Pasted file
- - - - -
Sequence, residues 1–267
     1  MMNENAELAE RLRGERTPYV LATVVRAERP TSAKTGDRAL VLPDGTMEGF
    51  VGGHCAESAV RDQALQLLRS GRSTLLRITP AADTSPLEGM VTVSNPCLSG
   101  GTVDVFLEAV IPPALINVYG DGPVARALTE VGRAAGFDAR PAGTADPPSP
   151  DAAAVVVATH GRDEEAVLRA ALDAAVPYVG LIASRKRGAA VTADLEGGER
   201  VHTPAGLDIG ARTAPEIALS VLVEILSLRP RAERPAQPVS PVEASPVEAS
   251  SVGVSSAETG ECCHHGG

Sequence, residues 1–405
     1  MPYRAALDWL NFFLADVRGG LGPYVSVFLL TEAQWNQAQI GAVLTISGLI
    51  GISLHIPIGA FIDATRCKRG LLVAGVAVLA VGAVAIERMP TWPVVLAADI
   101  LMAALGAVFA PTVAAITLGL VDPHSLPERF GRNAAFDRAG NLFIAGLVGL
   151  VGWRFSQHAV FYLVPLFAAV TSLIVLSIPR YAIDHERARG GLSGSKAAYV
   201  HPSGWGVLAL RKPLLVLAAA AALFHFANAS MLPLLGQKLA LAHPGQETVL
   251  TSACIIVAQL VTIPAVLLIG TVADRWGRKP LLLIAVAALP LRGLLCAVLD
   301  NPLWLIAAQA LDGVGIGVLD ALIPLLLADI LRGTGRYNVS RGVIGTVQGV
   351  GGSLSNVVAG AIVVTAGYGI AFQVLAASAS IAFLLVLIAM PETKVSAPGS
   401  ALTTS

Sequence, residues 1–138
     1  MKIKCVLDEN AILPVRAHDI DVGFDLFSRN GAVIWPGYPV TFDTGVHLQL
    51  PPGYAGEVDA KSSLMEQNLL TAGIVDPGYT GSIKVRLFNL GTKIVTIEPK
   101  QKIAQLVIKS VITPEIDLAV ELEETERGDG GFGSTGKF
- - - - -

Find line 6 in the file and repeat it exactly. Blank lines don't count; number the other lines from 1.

   201  VHTPAGLDIG ARTAPEIALS VLVEILSLRP RAERPAQPVS PVEASPVEAS